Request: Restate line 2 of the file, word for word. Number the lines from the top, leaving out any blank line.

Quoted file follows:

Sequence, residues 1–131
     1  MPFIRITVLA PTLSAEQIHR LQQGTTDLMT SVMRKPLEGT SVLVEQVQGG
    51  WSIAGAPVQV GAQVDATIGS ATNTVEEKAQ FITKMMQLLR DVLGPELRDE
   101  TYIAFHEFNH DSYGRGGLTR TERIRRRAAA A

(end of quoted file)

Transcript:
     1  MPFIRITVLA PTLSAEQIHR LQQGTTDLMT SVMRKPLEGT SVLVEQVQGG